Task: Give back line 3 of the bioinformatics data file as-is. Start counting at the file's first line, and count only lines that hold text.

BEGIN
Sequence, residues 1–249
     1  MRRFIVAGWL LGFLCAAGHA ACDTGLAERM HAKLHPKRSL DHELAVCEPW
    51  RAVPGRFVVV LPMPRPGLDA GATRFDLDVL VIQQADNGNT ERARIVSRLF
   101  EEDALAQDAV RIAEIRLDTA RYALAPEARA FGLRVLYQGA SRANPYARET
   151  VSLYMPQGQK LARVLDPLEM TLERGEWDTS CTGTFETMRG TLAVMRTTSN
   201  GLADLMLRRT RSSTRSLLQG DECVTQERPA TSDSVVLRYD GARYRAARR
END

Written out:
    51  RAVPGRFVVV LPMPRPGLDA GATRFDLDVL VIQQADNGNT ERARIVSRLF